This page is no longer maintained — Please continue to the home page at

Re: Re: simulating call-by-name with case classes?

No replies
Joined: 2009-08-14,
User offline. Last seen 2 years 3 weeks ago.
That's just what I was going to suggest, but I was also going to ask if you really wanted to have a Function0 as a parameter in a case class.  That isn't going to do you much good for pattern matching, toStringing, or anything else that case classes do for you.

Wouldn't you be better off with a boxed lazy val?

class LazyBox[T](ft: => T) {
  private[this] lazy val t = ft
  def unbox = t
  override def toString = t.toString
  override def hashCode = t.hashCode
implicit def unbox_boxer[T](b: LazyBox[T]) = b.unbox


On Sun, Dec 4, 2011 at 9:53 AM, Ittay Dror <ittay [dot] dror [at] gmail [dot] com> wrote:

Ittay Dror wrote:

I want a case class to have a call-by-name argument to its constructor.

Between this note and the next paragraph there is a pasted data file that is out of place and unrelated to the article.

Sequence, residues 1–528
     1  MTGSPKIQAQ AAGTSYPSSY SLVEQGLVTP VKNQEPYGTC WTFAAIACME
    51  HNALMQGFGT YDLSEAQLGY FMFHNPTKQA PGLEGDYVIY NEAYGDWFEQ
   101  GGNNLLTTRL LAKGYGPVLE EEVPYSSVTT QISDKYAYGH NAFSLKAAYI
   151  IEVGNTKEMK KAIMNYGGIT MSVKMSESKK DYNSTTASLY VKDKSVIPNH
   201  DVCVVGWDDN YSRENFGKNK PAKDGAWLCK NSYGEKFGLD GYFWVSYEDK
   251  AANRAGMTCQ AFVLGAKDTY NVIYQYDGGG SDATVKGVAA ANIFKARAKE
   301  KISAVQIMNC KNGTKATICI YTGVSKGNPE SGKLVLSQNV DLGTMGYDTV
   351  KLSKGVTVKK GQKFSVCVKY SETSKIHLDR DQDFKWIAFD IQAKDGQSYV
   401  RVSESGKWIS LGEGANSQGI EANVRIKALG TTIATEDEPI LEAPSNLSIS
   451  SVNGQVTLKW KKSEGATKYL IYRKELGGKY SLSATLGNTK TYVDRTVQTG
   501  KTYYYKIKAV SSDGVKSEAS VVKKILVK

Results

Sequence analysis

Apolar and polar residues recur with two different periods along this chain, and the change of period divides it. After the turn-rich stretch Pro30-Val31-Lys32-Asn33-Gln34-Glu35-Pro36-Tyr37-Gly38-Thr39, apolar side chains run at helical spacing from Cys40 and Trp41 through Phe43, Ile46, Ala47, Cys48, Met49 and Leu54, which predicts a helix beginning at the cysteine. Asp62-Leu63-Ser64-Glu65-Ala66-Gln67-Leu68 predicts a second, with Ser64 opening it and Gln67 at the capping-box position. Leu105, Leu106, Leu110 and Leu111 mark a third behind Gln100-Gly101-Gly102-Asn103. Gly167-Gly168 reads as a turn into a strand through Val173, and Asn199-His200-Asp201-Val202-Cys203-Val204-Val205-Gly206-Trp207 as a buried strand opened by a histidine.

scala> case class Foo(s: => String)
<console>:1: error: `val' parameters may not be call-by-name
       case class Foo(s: => String)

ok, so I try creating an apply method in the companion object:
scala> :paste
// Entering paste mode (ctrl-D to finish)

case class Foo(s: () => String)
object Foo {def apply(s: => String) = new Foo(() => s)}

// Exiting paste mode, now interpreting.

<console>:7: error: double definition:
method apply:(s: () => String)Foo and
method apply:(s: => String)Foo at line 8
have same type after erasure: (s: Function0)$line2.$read#$iw#$iw#Foo
       case class Foo(s: () => String)

Of course I can create a regular class, but the class I'm writing is really a value class. Is there another way to achieve what I want?

My current workaround is to use an implicit argument with a default value of null to disambiguate. Any nicer alternatives?


Copyright © 2012 École Polytechnique Fédérale de Lausanne (EPFL), Lausanne, Switzerland